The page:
It's easy to see that the Calvinist's view of Eph. 2:8-9 is wrong when you compare it to Rom. 3:24. The faith of the individual in Eph. 2:8 precedes the application of grace just as the redemption in Rom 3:24 precedes the application of grace in that passage.
My family doesn't celebrate Santa Claus at Christmas. We don't put Santa decorations in our house or on our lawn. We never told our son that Santa would bring him presents. We never took him to get pictures with Santa. In fact, the first time our son saw someone dressed up like Santa, he thought it was someone dressed as Moses because all the story book drawings of Moses depict him having a long white beard and wearing a robe. And yes, I was one of those evil parents who encouraged my son to tell other kids that Santa isn't real. Santa has never had a place in our home, and he never will.
Every game has a set of rules that govern how the gameplay proceeds.
In Super Mario Bros., for example, there is a rule that jumping on a Goomba will kill it and a corresponding rule that if a Goomba runs into you it will kill you. You will have a very difficult time trying to win in Super Mario Bros. by running into Goombas, and your game will proceed much smoother if you try to win by jumping on the Goombas instead. You could argue that those who choose the latter are more privileged than those who choose the former, but that is solely the fault of those who choose to ignore the instruction book and attempt to play by their own rules.
This is part two of my review of the book The God Who Risks by John Sanders. (Part one can be read here.) Sanders is an Open Theist who claims that God does not have exhaustive knowledge of the future and that He learns things and changes over time. I believe that this idea contradicts Scripture which teaches that God knows everything that will happen in the future, that He does not learn new things because He already knows everything, and that He does not change.
About a week ago, I wrote a quick blog post sharing my thoughts as I watched a video on Open Theism. The creator of that video, Warren McGrew, decided to reply to my criticism by inviting Dr. Alan Rhoda to take part in a two-hour live critique of my blog post. I wasn't planning to write anything more on Open Theism (except Part 2 of my analysis of The God Who Risks which is being edited now), but I had some free time this afternoon, so I figured I would respond to this video too.
Open Theists claim that God does not have exhaustive knowledge of the future and that He learns things and changes over time. This philosophy was developed primarily as a response to Calvinistic determinism, and most of the discussion on the topic have focused on the differences between Open Theism and Calvinism. I do not hold to either view, and I was content to let them bicker among themselves until I received several requests from friends asking me why I reject Open Theism. I decided to answer their requests by reading the best books I could find from Open Theist authors and writing point-by-point responses to the Open Theist claims.
A friend of mine requested that I watch and respond to the above video about open theism. Open theism is the belief that God does not know everything that will actually happen in the future. On this view, God knows every possible future, but He does not know which of those possibilities will eventually be a reality. This view is fraught with errors, but for this post, I am going to limit myself to offering my rough and unfiltered commentary in response to the claims made in the video.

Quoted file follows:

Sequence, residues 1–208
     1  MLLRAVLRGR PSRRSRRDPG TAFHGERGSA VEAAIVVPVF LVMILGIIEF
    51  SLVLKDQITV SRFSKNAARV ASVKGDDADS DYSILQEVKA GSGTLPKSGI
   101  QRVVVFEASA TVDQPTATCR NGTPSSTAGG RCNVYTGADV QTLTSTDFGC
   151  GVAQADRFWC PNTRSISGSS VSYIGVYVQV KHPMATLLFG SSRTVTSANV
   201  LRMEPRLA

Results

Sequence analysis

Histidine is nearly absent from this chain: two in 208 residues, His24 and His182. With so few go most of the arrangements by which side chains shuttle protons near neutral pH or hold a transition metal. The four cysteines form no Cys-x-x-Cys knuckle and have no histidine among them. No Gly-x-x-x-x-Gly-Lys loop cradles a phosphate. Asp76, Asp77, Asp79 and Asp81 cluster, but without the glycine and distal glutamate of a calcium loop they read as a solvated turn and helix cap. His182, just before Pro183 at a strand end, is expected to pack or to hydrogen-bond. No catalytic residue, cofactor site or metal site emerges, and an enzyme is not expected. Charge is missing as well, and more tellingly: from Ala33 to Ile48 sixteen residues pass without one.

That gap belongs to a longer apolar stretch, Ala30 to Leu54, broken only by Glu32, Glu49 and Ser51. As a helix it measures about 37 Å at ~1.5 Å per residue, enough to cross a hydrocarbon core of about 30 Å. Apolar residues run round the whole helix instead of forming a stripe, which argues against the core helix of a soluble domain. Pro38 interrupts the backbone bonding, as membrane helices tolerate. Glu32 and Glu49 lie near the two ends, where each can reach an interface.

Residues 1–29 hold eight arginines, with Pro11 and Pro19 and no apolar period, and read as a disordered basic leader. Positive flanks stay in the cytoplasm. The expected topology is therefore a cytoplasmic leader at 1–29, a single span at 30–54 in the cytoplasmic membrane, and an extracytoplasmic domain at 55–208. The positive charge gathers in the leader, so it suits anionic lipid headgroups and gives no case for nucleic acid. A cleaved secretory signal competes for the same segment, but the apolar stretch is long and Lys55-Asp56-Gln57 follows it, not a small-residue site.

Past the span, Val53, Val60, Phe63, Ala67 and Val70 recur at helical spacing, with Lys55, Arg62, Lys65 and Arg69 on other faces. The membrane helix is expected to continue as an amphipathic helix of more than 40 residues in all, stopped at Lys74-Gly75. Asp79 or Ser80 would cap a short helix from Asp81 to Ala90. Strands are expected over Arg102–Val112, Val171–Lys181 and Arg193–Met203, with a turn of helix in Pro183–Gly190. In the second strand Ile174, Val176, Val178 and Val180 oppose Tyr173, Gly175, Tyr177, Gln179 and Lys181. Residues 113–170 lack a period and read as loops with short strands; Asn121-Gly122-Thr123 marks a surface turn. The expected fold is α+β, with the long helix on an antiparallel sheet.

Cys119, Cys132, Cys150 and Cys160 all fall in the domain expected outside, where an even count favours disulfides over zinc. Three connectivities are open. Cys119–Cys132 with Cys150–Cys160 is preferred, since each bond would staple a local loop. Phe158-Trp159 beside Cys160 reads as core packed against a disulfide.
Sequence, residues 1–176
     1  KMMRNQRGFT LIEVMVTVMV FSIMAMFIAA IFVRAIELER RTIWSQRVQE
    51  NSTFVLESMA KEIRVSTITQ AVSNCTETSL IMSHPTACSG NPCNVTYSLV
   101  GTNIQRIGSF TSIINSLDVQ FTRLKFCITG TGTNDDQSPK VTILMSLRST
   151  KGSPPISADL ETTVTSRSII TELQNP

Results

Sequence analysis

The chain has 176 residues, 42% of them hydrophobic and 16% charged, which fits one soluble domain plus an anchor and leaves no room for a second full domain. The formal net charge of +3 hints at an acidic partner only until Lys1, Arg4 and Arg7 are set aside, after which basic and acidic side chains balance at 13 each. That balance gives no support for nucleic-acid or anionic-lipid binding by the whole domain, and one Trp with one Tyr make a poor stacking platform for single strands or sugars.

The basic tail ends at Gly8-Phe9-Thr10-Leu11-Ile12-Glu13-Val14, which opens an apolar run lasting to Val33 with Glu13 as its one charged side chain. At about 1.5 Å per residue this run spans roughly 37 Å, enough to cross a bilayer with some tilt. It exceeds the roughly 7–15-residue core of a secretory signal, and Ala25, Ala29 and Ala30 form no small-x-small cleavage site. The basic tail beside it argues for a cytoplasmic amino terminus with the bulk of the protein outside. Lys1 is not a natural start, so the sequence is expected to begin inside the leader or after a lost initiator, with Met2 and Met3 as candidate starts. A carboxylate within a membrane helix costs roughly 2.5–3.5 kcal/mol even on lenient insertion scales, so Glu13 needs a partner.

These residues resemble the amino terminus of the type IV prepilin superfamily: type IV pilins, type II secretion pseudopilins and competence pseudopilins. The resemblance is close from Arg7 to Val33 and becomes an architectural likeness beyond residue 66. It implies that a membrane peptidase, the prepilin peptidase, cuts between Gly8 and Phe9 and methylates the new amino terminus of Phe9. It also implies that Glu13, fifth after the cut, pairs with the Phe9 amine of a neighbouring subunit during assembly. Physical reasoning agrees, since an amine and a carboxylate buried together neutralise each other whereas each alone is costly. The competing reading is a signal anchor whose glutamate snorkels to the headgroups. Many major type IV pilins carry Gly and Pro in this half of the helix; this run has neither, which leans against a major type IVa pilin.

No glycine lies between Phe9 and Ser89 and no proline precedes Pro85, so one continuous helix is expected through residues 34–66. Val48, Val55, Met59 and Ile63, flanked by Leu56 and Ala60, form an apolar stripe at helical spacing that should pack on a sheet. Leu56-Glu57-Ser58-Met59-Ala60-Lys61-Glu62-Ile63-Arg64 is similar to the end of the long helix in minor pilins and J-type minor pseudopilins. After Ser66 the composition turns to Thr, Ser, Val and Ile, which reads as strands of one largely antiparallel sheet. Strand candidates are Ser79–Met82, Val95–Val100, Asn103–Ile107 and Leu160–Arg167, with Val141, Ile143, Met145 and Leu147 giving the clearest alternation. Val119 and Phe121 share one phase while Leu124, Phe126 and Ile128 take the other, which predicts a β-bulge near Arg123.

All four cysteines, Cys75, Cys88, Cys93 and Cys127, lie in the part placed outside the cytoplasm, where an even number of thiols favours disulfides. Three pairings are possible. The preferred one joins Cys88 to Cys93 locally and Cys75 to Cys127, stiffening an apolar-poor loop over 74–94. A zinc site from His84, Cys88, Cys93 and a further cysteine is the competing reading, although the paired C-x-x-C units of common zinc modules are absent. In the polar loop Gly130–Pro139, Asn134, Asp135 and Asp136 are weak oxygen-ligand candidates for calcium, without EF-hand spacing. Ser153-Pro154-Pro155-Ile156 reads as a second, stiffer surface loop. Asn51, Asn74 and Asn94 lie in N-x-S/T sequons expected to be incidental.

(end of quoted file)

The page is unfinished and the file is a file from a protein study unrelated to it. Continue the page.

On January 30, 1750, Jonathan Mayhew stood in the pulpit of Old West Church in Boston and preached what was to become one of the most famous sermons in history. The occasion was the 101st anniversary of the death of King Charles I. The challenge that Mayhew addressed before his congregation was the question of whether rebellion against a tyrant was a violation of the Bible's command in Romans 13 for Christians to submit to political rulers.
When considering Jefferson’s famous letter to the Danbury Baptists, most people only consider how the phrase “wall of separation” sounds to our modern ears. To us, this phrase sounds as if it is describing an impenetrable impasse which stands between our nation’s religious institutions and her political institutions. Consider, for example, the following opinion of Supreme Court Justice Felix Frankfurter in McCollum v. Board of Education:
1) Replace the TV with good books – Neh 8:8, I Tim 4:13.
Christianity is based on a book, and reading comprehension is one of the most important skills that a child can develop. To encourage a greater love for reading, TV viewing should be strictly limited with very few exceptions - even to the point of the parents not watching anything until after the children are in bed. The TV provides instant gratification and teaches kids to be impatient. Books are more work, and they teach the value of diligence. Reading develops attentiveness, but TV and video games decrease the child’s attention span.
Bill Fortenberry is a Christian philosopher and historian in Birmingham, AL. Bill's work has been cited in several legal journals, and he has appeared as a guest on shows including The Dr. Gina Show, The Michael Hart Show, and Real Science Radio.
Contact Us if you would like to schedule Bill to speak to your church, group, or club.
"Give instruction to a wise man, and he will be yet wiser: teach a just man, and he will increase in learning." (Proverbs 9:9)